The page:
Responding to several requests from the prospect contest’s participants, the Poetry Unites Kentucky contest’s deadline has been extended to Oct. 1. The Poetry Unites Kentucky contest for the best essay on a favorite poem is open to all Kentuckians and is inviting them to write about their favorite poem. Eight finalists will be chosen from submitted essays and from those four will be selected to...

Kentucky by Heart: Lincoln County native Red Foley was first Kentuckian in Country Music Hall of Fame

By Steve Flairty KyForward Columnist My parents were country music fans, and while growing up, I admit that I endured their choice of radio station programming. I’ve mellowed a lot in my adult years, though, and in a recent Ken Burns country music special series, I actually enjoyed hearing the twangy sounds I abhorred back in the 1960s. Red Foley (By Crossroads TV Productions, Inc., Springfield,...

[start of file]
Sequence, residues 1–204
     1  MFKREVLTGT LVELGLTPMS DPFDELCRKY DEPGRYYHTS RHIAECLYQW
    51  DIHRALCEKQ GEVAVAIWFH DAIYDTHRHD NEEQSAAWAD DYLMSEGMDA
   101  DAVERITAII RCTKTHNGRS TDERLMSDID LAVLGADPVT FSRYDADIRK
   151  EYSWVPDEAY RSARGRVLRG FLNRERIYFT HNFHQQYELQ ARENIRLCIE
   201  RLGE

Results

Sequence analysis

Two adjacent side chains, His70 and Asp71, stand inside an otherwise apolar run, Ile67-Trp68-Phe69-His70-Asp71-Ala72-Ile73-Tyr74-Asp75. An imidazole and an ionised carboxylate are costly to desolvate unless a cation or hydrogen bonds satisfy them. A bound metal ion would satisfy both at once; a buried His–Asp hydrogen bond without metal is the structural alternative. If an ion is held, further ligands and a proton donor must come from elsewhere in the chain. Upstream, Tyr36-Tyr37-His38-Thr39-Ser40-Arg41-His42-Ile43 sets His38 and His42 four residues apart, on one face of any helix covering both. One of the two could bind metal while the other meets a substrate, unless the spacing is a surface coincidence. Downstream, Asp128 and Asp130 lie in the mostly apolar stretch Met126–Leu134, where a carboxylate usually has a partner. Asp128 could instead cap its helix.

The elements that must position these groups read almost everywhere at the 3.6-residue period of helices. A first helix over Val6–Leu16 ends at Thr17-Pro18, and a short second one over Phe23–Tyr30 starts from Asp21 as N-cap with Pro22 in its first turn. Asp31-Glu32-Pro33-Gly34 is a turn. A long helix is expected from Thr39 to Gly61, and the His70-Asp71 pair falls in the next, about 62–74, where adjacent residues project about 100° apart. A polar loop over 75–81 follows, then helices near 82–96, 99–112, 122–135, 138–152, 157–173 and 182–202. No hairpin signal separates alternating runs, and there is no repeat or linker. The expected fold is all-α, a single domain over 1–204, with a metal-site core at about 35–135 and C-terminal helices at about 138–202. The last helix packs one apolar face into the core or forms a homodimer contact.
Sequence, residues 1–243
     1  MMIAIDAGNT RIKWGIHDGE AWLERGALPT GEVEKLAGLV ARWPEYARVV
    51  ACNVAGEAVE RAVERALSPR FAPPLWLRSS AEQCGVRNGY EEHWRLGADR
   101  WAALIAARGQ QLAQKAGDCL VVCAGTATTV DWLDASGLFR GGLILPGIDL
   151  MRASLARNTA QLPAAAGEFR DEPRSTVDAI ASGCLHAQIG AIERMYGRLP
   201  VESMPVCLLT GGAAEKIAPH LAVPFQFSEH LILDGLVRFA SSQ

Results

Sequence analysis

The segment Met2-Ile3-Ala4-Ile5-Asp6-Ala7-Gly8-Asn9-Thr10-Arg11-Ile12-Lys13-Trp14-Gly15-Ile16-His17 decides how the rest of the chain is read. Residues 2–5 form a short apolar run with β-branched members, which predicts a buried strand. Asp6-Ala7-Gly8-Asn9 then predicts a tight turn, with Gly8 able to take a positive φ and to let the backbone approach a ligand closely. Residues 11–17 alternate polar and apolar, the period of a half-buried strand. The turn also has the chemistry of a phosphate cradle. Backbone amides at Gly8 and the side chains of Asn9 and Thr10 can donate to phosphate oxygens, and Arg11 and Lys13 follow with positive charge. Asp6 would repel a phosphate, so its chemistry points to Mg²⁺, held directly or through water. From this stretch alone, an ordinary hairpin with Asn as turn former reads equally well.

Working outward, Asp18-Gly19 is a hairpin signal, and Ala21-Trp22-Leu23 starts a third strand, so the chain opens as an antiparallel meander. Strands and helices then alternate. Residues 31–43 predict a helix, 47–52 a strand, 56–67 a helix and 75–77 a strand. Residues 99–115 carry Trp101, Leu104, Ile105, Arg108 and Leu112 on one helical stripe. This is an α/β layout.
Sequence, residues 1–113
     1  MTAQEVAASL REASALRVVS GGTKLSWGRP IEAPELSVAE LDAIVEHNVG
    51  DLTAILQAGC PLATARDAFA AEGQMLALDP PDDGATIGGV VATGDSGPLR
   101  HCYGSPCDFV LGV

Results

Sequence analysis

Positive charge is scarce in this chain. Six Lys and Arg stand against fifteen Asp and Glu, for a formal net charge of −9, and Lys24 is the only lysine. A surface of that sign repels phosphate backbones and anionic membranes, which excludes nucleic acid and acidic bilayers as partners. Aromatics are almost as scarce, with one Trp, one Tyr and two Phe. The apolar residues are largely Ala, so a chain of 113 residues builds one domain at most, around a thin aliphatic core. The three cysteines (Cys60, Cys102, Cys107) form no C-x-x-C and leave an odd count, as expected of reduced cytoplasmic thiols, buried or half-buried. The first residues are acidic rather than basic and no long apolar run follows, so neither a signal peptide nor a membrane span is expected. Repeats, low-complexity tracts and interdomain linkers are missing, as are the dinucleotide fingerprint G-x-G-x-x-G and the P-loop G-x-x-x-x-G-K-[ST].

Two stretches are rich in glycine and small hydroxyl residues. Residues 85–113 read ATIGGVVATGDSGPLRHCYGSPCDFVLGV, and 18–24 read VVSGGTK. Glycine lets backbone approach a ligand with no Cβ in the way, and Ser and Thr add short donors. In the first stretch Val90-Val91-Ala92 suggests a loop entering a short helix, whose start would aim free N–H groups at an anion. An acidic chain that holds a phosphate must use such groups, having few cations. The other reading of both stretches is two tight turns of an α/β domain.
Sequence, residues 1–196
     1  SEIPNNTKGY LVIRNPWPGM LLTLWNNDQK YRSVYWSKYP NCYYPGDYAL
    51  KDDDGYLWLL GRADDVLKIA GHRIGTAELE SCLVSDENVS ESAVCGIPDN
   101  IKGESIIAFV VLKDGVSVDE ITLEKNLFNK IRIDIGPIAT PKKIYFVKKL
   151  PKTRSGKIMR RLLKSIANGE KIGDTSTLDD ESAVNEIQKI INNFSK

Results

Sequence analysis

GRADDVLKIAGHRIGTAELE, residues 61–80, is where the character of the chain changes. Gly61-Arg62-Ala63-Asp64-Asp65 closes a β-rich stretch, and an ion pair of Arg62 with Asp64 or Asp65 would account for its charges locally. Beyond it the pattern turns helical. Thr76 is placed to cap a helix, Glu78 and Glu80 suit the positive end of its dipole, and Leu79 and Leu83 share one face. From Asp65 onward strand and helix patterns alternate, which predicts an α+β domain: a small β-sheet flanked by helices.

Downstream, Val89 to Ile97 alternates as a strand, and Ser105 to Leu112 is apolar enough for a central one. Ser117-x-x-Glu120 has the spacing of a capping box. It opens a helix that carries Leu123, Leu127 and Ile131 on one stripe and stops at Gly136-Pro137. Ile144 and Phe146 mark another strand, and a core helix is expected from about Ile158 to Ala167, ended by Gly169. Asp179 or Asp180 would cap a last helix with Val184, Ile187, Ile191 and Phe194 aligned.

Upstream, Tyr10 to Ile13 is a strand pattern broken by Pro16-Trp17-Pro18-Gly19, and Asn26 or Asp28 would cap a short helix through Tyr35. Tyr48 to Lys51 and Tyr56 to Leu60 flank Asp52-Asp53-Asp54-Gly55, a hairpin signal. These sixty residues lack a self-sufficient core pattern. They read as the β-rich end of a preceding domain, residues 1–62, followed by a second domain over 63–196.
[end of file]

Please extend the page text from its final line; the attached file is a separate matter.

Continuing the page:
Public invited to join Louisville Zoo for virtual Flutter Fest 2020 celebrating Monarch Butterfly migration

The public is invited to join the Louisville Zoo for the virtual celebration of Flutter Fest 2020. On September 19 from 3 to 4 p.m., the zoo will kick off the celebration via their

Old State Capitol and Kentucky Military History Museum now open to visitors; masks required

The Kentucky Historical Society (KHS) has announced the reopening of the Old State Capitol and the Kentucky Military History Museum to visitors. KHS members receive free admission to all three sites on the Kentucky Historical Society campus. Non-members can purchase tickets in-person at the Thomas D. Clark Center for Kentucky History or online. Reopening of the facilities are in accordance with Healthy...